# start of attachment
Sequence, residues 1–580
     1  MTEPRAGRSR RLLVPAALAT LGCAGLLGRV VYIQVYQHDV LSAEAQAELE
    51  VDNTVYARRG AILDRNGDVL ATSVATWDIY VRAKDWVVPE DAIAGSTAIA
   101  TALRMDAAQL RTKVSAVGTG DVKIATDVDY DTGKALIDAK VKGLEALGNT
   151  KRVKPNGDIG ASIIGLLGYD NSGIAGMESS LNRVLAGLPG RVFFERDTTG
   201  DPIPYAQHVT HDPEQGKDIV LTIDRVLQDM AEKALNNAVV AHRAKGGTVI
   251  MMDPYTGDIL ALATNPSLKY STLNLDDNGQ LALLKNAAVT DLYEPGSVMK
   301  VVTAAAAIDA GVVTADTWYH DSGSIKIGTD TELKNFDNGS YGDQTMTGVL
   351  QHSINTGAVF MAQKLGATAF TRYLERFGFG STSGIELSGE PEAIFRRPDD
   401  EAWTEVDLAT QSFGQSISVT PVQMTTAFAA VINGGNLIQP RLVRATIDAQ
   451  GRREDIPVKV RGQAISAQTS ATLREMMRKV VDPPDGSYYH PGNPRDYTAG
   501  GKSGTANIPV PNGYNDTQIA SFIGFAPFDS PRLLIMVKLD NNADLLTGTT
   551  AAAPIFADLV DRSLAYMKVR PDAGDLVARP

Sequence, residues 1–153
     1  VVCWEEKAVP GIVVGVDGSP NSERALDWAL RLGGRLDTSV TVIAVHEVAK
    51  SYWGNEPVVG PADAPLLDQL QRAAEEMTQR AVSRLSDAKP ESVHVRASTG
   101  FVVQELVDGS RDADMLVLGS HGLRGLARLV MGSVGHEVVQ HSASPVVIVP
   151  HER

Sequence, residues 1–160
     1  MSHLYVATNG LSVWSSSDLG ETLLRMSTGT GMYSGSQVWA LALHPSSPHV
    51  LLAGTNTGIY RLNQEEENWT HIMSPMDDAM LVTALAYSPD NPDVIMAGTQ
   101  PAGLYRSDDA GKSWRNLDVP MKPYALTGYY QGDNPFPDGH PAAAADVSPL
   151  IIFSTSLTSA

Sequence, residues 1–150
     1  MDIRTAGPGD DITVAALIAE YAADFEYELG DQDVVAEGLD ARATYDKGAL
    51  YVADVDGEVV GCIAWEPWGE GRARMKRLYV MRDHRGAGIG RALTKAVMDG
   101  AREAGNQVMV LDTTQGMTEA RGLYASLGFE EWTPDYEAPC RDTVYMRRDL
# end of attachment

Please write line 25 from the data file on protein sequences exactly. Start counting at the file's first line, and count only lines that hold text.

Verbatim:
     1  MDIRTAGPGD DITVAALIAE YAADFEYELG DQDVVAEGLD ARATYDKGAL